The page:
Bangladesh will increase liquefied natural gas (LNG) import by around 25 per cent in December compared to its November and October imports respectively to feed growing demand for natural gas in industries, despite financial tightening.
The government will import a total of five LNG cargoes from long-term suppliers during December against its import of four LNG cargoes each during October and November, says a senior official of the state-run Petrobangla.
Fed on the higher imports, the quantity of re-gasified LNG will increase to around 460 million cubic feet per day (mmcfd) from the current 380mmcfd.
"We shall be importing more LNG cargoes as per the annual delivery programme (ADP) as set with the suppliers," he says.
Increased LNG imports will boost the country's overall natural gas output and satisfy the country's business communities who have been in a crying need for augmented overall natural-gas supply to keep their factories operational, the official hopes.
In a desperate bid for getting more gas--in the wake of fuel shortage amid the current crunch-- businessmen recently had proposed to pay higher gas tariffs to the government if imported at higher prices from the volatile global market.
President of Bangladesh Textile Mills Association (BTMA) Mohammad Ali Khokon, in a press briefing couple of weeks back, expressed the millers' readiness to pay higher for industrial gas.
Member-mills of the association are the biggest consumers of gas among industries, who use around 16.62 per cent of the total gas consumed in the country, according to official data.
It will also help increase natural gas pressure for other consumers, too, including households, he assures.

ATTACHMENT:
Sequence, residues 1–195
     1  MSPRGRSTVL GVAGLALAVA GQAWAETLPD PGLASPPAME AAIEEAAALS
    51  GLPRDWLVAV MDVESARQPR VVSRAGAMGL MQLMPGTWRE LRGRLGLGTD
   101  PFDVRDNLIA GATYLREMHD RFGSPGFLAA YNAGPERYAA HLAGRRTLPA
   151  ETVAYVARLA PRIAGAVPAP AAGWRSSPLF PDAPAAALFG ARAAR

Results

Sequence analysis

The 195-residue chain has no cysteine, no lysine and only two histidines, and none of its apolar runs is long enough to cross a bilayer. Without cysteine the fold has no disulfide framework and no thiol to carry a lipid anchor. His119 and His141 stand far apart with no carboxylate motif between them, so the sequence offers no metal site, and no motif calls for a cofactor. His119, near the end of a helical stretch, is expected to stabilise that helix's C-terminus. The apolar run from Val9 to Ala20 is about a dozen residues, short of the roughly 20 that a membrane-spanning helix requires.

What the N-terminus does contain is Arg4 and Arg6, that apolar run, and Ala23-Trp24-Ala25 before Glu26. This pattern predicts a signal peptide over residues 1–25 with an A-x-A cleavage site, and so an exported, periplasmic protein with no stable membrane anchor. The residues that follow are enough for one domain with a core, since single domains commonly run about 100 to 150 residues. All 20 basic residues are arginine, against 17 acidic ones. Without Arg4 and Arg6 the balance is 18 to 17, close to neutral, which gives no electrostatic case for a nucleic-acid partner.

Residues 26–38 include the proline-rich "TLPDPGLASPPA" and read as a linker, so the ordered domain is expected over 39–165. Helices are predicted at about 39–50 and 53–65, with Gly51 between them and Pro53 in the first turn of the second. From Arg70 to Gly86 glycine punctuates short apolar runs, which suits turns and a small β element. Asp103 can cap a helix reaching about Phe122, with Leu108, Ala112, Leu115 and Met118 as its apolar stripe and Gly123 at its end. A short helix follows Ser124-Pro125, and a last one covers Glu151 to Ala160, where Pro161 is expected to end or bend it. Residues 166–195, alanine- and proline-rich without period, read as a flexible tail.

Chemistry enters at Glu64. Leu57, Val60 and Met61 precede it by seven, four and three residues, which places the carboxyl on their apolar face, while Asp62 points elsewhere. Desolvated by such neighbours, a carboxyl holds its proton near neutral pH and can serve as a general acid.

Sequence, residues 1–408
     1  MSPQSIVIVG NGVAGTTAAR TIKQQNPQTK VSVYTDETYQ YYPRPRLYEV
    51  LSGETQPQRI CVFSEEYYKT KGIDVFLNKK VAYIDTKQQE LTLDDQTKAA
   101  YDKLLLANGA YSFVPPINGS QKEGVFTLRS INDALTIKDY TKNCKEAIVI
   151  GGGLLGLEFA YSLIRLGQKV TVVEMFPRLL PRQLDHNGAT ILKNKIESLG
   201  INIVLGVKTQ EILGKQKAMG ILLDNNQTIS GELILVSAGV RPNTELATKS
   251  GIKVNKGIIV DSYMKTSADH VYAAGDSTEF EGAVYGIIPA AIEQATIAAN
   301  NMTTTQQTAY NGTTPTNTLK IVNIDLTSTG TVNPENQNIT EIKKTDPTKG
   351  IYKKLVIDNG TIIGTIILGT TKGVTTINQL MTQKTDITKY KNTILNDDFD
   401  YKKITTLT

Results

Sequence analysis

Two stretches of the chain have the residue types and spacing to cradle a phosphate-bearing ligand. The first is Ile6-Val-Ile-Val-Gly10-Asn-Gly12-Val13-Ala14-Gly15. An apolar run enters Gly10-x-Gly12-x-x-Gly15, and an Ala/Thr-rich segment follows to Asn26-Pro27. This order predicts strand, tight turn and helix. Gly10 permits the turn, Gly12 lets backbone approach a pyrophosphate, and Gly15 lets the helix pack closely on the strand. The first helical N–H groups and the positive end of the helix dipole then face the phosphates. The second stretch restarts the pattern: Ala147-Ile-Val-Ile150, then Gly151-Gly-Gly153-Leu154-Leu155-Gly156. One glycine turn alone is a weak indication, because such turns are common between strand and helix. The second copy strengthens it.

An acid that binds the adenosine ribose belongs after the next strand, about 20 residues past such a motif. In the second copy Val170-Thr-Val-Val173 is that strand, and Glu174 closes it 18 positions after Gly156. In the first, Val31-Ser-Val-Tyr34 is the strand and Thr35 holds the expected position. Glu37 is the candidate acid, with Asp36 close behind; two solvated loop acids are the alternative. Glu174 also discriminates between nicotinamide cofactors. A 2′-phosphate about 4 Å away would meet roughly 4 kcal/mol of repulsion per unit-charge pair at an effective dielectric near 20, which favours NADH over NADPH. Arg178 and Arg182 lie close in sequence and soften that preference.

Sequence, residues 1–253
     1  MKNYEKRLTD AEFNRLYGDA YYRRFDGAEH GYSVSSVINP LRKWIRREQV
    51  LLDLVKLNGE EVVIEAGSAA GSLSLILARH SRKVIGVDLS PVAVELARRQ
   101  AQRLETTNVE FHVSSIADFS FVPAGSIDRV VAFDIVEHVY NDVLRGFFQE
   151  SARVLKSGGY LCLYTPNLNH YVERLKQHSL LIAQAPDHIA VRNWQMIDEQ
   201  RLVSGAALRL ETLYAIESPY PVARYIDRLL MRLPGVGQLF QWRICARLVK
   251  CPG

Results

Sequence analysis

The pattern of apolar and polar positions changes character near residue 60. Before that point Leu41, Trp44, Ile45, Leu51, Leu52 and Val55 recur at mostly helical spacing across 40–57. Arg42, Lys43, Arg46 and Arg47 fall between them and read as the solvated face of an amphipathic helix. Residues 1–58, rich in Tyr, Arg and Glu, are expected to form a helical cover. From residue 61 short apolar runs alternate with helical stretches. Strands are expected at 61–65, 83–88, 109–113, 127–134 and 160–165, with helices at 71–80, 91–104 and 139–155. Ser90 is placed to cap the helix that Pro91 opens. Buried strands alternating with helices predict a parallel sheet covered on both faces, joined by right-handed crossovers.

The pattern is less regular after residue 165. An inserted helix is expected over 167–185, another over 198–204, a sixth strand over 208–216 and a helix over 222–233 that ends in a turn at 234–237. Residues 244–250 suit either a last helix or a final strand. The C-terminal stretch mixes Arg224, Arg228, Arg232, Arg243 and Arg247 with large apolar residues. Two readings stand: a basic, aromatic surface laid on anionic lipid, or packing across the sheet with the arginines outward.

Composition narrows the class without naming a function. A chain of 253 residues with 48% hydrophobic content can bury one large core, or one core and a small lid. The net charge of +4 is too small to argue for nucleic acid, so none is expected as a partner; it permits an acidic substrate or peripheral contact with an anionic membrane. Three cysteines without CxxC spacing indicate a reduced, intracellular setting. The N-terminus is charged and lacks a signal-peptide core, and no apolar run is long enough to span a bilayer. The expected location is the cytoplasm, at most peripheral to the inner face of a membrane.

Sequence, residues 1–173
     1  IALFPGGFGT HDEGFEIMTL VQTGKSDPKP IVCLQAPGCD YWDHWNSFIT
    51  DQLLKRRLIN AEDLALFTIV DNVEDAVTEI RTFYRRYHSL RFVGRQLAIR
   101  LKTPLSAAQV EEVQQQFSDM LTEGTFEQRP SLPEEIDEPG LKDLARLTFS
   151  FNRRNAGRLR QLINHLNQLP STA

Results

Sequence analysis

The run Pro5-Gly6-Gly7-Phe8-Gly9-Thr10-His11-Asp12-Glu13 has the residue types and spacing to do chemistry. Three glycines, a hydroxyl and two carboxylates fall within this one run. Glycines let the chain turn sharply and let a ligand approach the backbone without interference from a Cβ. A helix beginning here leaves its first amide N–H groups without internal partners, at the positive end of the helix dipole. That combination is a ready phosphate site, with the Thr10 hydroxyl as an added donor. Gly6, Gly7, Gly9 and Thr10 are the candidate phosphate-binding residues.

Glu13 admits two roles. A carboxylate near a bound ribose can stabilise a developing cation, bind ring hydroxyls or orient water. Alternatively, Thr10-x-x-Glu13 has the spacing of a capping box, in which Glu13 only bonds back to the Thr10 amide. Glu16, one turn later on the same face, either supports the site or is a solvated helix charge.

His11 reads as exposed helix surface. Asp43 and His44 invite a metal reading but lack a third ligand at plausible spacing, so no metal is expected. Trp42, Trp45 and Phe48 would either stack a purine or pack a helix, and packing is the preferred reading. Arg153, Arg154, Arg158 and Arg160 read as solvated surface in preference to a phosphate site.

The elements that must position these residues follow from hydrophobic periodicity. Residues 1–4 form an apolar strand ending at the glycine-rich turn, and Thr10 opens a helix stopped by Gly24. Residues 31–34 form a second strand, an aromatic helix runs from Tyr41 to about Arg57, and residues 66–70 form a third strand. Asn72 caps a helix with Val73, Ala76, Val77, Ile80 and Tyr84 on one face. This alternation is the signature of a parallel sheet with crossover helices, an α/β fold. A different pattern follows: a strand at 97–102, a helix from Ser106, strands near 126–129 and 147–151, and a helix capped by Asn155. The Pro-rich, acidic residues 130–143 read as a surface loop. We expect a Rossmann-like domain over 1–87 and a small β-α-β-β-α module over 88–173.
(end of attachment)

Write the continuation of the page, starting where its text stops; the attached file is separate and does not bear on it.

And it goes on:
Since last week, Bangladesh, however, has scaled down gas supply to power plants to feed industries with more gas out of growing concern that production squeeze would have on supplies on the already-overheated domestic market and on export which is the largest source for the country's foreign-exchange reserves.
The state-run Petrobangla has cut down the gas supply to the lowest level to power plants amid the oncoming winter season compared to the winter seasons of the previous years, official data revealed.
Although a number of new gas-fired power plants have come up over past several years, the natural-gas supply to power plants now came down to around 24 per cent or 258mmcfd compared to the same period three years back.
The petroleum agency supplied around 815 mmcfd of natural gas to power plants, around one-third of the total requirement of around 2,252mmcfd, as on November 9, 2022.
A total of 30 power plants having the total generation capacity of around 4,000 megawatts were shut down as a consequence of the crunch that led the government authorities to enforce load-shedding in high summer.
On November 9, 2021, Petrobangla had provided around 989mmcfd gas to power plants against the similar demand for around 2,252mmcfd when some 25 power plants were shut due to gas shortage.
On November 9, 2020, it had supplied around 1,073 mmcfd of gas to power plants against the demand for around 2,196mmcfd when a total of 18 power plants were laid to rest.
"We have squeezed natural gas supplies to power plants so that industrial consumers get more gas," says Petrobangla chairman Nazmul Ahsan.
Bangladesh's LNG re-gasification as on November 18, 2022 dipped to the lowest as the country's both the floating LNG-import terminals re-gasified around 380mmcfd, which accounts for only 38 per cent of their aggregate re-gasification capacity.
This is the lowest level of LNG re-gasification with both the floating, storage and re-gasification units, or FSRUs, being operational.
Bangladesh's overall natural gas output stands at around 2,582mmcfd, as of November 18, 2022, including 380 mmcfd of re-gasified LNG, against the demand for around 4,000mmcfd.
Overall electricity generation fell to around 9,141MW during day peak hours as on November 17, 2022 from above 13,500 MWs during peak summer.
Electricity generation during evening peak hours was around 10,559MW as on November 17, 2022.